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Civil War Harper's Weekly, September 16, 1865

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VOL. IX. ŚNo. 455.]



Entered according to Act of Congress, in the Year 1865, by Harper & Brothers, in the Clerk's Office of the District Court for the Southern District of New York.


WE publish on page 580 a sketch, by Mr. J. R. HAMILTON, of the mass meeting of the citizens of Richmond, held on August 2, at the beautiful Capitol grounds of that city. The object of the meeting was ostensibly to give a denial to the imputations so frequently made, in the press of the North, that the loyalty of the people of Virginia, in spite of their protestations, is but of a sullen, discontented, and ephemeral nature. Judge WILLIAM H. LYONS presided at the meeting, which adopted a series of resolutions expressive of the people's unfeigned loyalty and devotion to the Union; and speeches were made by Judge LYONS, R.. T. DANIEL, late Prosecuting Attorney for the Commonwealth, W. H. MACFARLAND, President of the late Farmer's Bank, and the lion. JAMES LYONS, member of the late Confederate Congress.

The meeting, although large (there may have been some 500 or 600 present, a large number of

whom were colored), was not by any means either as numerous or enthusiastic as might have been de-sired, considering that the occasion was one of the most important that ever convened the citizens of Richmond together ; and, looking to the objects proposed, it was a circumstance to be regretted. On the platform, however, were many of the most prominent mien of the city and State, and nearly all the leading members of the press, under whose auspices the whole movement may be said to have been inaugurated. At the conclusion of the meeting a committee of threeŚMessrs. W. H. MACFARLAND, ROBERT RIDGWAY, and CHARLES PALMER Śwere appointed to present the resolutions to President JOHNSON, and to request him to visit the city of Richmond.

The large central building against which the speaker's platform was erected is the celebrated Capitol, containing the Senate Chamber, the House of Representatives, and all the various offices so recently occupied by the Confederate Government.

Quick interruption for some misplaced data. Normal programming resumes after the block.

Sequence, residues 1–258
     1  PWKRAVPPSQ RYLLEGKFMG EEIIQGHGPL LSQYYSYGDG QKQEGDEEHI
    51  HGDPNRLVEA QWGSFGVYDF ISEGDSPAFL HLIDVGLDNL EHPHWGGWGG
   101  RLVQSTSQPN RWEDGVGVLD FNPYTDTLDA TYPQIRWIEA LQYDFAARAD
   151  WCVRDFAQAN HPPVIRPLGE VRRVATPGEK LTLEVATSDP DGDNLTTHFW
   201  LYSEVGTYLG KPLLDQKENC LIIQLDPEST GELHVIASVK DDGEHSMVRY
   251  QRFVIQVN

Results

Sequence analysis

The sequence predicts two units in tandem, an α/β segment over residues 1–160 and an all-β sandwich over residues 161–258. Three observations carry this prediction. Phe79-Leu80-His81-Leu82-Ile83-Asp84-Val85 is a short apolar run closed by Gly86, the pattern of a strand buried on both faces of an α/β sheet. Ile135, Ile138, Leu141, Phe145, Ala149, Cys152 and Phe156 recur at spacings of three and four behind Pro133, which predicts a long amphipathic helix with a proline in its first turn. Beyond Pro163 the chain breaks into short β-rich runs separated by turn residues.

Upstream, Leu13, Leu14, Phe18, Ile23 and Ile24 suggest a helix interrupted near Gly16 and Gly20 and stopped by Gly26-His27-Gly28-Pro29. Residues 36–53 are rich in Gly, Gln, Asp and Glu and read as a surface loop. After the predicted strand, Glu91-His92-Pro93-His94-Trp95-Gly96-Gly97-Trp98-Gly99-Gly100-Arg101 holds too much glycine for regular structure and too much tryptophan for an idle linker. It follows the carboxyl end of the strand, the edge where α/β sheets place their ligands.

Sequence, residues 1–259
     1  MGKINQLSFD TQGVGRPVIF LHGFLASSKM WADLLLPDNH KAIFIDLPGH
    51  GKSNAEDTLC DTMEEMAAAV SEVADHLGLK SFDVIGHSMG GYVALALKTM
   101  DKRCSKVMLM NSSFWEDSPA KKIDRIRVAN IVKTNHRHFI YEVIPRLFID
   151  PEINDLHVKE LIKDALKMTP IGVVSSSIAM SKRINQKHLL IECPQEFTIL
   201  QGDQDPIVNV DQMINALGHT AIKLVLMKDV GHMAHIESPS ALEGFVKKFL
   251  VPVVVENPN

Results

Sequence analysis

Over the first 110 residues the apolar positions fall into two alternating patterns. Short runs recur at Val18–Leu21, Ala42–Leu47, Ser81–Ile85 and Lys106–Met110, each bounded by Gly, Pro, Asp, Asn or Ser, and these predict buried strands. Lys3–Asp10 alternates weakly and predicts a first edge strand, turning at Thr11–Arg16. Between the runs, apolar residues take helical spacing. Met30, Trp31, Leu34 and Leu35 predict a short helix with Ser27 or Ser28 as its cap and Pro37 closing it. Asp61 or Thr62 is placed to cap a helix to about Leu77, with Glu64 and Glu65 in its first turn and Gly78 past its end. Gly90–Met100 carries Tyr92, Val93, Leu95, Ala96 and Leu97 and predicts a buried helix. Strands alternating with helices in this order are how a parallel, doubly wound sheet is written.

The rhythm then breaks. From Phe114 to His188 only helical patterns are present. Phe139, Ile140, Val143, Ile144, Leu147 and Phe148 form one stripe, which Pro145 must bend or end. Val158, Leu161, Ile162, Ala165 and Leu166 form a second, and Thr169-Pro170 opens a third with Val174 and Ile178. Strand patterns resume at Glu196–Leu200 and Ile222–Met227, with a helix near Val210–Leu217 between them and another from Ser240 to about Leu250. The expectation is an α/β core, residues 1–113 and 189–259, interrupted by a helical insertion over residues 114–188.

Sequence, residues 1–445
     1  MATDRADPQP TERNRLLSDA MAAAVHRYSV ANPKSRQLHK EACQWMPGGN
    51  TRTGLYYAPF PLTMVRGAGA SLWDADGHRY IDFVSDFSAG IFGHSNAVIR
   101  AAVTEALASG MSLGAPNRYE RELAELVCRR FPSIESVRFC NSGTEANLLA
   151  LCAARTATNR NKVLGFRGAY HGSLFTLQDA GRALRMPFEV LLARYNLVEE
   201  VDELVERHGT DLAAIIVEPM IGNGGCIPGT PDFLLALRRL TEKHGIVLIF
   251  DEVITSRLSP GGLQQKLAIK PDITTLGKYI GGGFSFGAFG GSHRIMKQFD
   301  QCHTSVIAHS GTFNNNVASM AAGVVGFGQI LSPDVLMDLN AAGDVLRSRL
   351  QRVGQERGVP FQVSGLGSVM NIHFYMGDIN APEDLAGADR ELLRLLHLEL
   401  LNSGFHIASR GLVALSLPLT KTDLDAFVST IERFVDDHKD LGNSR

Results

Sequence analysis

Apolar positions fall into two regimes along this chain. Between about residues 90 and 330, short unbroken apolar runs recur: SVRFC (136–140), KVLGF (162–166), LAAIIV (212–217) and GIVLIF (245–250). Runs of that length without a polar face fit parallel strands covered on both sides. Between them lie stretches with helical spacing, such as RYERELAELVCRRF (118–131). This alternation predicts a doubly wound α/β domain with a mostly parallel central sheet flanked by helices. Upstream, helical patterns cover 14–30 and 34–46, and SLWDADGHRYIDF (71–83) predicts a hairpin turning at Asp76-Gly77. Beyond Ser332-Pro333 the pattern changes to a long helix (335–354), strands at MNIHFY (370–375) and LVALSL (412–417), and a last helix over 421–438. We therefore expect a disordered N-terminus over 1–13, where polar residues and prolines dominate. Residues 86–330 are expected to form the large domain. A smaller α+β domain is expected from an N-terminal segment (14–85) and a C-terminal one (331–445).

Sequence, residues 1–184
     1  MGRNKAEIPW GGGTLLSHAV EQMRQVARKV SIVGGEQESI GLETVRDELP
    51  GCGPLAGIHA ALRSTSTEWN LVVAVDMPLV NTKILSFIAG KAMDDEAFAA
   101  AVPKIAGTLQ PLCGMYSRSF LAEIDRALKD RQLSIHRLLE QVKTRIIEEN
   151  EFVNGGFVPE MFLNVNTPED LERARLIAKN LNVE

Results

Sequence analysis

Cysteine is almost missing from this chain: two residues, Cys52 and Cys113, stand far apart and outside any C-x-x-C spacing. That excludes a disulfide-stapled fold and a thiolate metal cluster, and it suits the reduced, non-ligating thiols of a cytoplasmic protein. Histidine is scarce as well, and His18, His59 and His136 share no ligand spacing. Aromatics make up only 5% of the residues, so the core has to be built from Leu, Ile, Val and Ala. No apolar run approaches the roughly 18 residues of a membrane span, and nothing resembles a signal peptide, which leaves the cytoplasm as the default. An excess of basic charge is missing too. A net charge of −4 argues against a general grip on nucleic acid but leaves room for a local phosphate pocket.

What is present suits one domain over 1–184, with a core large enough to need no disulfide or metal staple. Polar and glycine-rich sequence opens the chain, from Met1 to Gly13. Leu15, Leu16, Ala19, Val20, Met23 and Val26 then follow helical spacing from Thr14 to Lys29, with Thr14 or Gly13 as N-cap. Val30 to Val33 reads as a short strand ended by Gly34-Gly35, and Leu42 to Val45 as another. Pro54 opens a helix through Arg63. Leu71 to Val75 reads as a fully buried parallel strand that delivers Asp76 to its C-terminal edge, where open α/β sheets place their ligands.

The view presented being from the beautifully wooded grounds of the Governor's mansion, the latter is, of course, not visible. To the right of the picture is seen CRAWFORD's celebrated bronze statue of WASHINGTON, with its base surrounded by some of Virginia's great men, also in bronze. The church beyond with the tall steeple is St. Paul's, the Episcopal church which JEFFERSON DAVIS usually attended, and where he was seated when he received the telegram from General ROBERT E. LEE, announcing that all further resistance was useless. Down in the hollow, to the left of the picture, is seen the upper part of the Custom-house, in which is also at present located the Post-office. the National Bank of Virginia, and the First National Bank of Richmond. Although the Capitol grounds are not spacious, and are not at present in the fine order in which they were formerly kept, few cities in the world possess a spot in their midst more attractive and full of natural beauty.

The meeting at Richmond, while it shows that

many prominent citizens of Virginia have sufficient common-sense to see the folly of secession, does not materially alter the situation as presented in the late election. We can not expect that the ideas of' Virginians or of the citizens of any other Southern State are to be reversed by their defeat on the battlefield. We have now to oppose in politics the very heresy which we have defeated in a hundred severe battles. We have settled conclusively the question whether the union of States shall be maintained. But there remains much yet to be settled in regard to the prerogatives of the several States as related to the General Government. The English Revolution was not consummated by the victories of Cromwell and the decapitation of Charles the First, but in the peaceful victory of the English people forty years later, when William of Orange succeeded James the Second. Fortunately for us the Slave Power can have no restoration : with the removal of the cause of our troubles our future is ultimately secure.


The Andersonville Jailer




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